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Volume 13, Issue 26;   June 26, 2013: Passive Deceptions at Work

Passive Deceptions at Work

by

Among the vast family of workplace deceptions, those that involve camouflage are both the most common and the most difficult to detect. Here's a look at how passive camouflage can play a role in workplace deception.
An orchid mantis (Hymenopus coronatus) perched on an orchid

An orchid mantis (Hymenopus coronatus) perched on an orchid. Indigenous to southeast Asia, it mimics a pink orchid in color and texture. It remains motionless on the flower until prey arrives, and then strikes. Photo (cc) Luc Viatour (www.Lucnix.be) available at Wikipedia.

Most people are familiar with some forms of camouflage as it's used in nature or by the military. The idea usually relates to disguising or cloaking a physical entity so as to make detection difficult. In nature, camouflage often takes the form of protective coloration. Military applications involve similar techniques, but there are also more sophisticated disguises.

Military theorists recognize two classes of deception. Passive deception disguises an existing capability, facility, or intention. Active deception makes a nonexistent capability, facility, or intention appear to be real.

At work, deceptions of all kinds are often a tool of politics. Applying what scientists know about deception in nature, and what military theorists know about deception in war, we can gain new insights into its use in workplace politics. Here are two examples of deceptions in workplace politics that employ passive camouflage.

Disruptive coloration
The black and white coloration of killer whales exemplifies what's called disruptive coloration. The color pattern contradicts the whale's body shape, which gives it an advantage. In the often-uneven light of the subsurface marine environment, other animals might not recognize the killer whale until too late.
In preparation for downsizing, managers must select projects for termination from among projects underway or planned. In some cases, sound decisions require project status reviews that are either sudden or beyond the routine review. If these reviews occur only in preparation for downsizing, conducting them sets off rumors that could trigger an unwanted exodus of employees who believe that they're about to be terminated themselves. Making such project reviews routine prevents them from being seen as a signal of downsizing. With respect to project reviews, such a practice disrupts the boundary between normal operation and preparation for downsizing.
Mimesis
In nature, Applying what scientists know about
camouflage in nature, and what military
theorists know about camouflage in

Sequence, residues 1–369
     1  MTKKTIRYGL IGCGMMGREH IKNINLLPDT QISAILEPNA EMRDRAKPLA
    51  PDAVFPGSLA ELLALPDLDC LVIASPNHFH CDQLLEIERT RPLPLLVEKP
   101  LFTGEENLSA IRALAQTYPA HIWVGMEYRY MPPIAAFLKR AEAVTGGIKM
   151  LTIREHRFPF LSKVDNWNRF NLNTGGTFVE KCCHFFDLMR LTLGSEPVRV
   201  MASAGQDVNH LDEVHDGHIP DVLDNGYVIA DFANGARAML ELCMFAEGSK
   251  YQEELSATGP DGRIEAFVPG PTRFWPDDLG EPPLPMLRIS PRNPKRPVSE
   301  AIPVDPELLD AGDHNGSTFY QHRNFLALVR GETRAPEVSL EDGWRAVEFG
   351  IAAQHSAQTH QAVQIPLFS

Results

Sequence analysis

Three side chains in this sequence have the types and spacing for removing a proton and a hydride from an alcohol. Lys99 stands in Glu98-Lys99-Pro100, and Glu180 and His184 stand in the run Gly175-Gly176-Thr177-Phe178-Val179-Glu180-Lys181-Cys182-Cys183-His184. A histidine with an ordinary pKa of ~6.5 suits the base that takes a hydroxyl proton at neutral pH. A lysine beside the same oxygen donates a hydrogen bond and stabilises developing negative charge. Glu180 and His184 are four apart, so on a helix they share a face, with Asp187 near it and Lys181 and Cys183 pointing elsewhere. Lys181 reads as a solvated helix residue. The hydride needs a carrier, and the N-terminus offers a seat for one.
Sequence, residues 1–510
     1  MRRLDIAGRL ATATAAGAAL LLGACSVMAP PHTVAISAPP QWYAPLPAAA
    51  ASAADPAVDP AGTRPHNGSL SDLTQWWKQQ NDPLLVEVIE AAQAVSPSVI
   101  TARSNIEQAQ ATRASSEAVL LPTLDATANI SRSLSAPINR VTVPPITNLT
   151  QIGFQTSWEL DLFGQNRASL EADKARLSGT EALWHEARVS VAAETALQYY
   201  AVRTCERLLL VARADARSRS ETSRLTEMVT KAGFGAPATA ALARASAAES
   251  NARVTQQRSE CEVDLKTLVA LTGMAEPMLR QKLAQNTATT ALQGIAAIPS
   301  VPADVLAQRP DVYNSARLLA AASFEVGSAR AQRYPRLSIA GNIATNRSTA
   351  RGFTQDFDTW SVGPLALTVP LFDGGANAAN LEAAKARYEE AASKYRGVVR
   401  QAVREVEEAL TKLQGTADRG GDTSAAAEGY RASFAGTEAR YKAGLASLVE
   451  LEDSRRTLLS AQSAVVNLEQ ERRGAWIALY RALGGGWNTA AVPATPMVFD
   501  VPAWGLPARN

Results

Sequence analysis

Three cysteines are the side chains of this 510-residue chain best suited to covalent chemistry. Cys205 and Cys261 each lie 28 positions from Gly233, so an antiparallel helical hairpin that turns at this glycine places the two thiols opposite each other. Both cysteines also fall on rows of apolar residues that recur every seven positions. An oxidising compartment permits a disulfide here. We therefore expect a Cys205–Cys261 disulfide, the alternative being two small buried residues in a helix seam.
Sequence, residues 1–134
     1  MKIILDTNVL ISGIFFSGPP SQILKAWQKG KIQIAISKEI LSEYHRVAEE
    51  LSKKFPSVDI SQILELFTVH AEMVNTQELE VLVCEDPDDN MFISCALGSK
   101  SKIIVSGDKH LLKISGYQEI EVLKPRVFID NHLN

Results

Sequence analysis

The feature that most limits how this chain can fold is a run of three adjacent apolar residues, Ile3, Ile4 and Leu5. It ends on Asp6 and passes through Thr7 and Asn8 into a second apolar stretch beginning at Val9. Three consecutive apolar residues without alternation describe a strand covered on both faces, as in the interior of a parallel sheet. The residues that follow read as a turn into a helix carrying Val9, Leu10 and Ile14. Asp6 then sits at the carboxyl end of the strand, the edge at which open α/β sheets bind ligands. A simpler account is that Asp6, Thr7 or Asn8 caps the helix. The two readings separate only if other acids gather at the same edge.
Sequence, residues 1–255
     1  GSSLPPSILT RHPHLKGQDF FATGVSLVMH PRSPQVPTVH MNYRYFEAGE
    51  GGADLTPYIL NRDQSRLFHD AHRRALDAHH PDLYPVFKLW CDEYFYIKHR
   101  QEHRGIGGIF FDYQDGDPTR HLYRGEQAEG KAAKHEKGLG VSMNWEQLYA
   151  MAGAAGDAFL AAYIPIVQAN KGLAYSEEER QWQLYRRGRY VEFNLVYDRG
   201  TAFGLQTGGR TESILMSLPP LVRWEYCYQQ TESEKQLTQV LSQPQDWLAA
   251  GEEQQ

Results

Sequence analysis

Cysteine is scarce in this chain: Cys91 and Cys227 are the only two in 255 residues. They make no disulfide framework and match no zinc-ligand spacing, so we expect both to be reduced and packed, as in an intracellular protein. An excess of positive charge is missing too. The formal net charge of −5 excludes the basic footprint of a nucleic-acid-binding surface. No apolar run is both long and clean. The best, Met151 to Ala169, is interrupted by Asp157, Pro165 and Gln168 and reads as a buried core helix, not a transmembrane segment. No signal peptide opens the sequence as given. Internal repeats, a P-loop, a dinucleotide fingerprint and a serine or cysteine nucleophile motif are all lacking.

war, we can gain new insights
into its use in workplace politics
mimesis is mimicry. In the context of camouflage, the flower mantises, which mimic flowers, provide good examples. Typically, flower mantises position themselves on a plant and hold still, or slowly sway back and forth, mimicking one of the plant's flowers, until an insect lands close enough to be caught. Some flower mantises have dark spots on their bodies that act as decoys for actual insects.
In reorganizations, there is sometimes a need to ensure orderly transitions of responsibilities from employees who will be discharged. To ensure that they won't depart before the transition of their responsibilities is complete, and to ensure that they'll cooperate willingly, these employees are sometimes assigned fictitious new responsibilities. Convinced by this mimicry that they can rely on continued employment, these employees remain in place, carrying out their new assignments while they're being debriefed about their former assignments. When the debriefing is complete, they're discharged, and the fictitious efforts that held them in place are terminated.

These are just two examples of passive deceptions at work. Studying nature's tricks can help us detect many more. First in this series  Next in this series Go to top Top  Next issue: Active Deceptions at Work  Next Issue

303 Secrets of Workplace PoliticsIs every other day a tense, anxious, angry misery as you watch people around you, who couldn't even think their way through a game of Jacks, win at workplace politics and steal the credit and glory for just about everyone's best work including yours? Read 303 Secrets of Workplace Politics, filled with tips and techniques for succeeding in workplace politics. More info

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See also Workplace Politics and Devious Political Tactics for more related articles.

Forthcoming issues of Point Lookout

A hummingbird feeding on the nectar of a flowerComing October 12: Downscoping Under Pressure: II
We sometimes "downscope" projects to bring them back on budget and schedule when they're headed for overruns. Downscoping doesn't always work. Cognitive biases like the sunk cost effect and confirmation bias can distort decisions about how to downscope. Available here and by RSS on October 12.
An owl of undetermined speciesAnd on October 19: Bullying by Proxy: I
The form of workplace bullying perhaps most often observed involves a bully and a target. Other forms are less obvious. One of these, bullying by proxy, is especially difficult to control, because it so easily evades most anti-bullying policies. Available here and by RSS on October 19.

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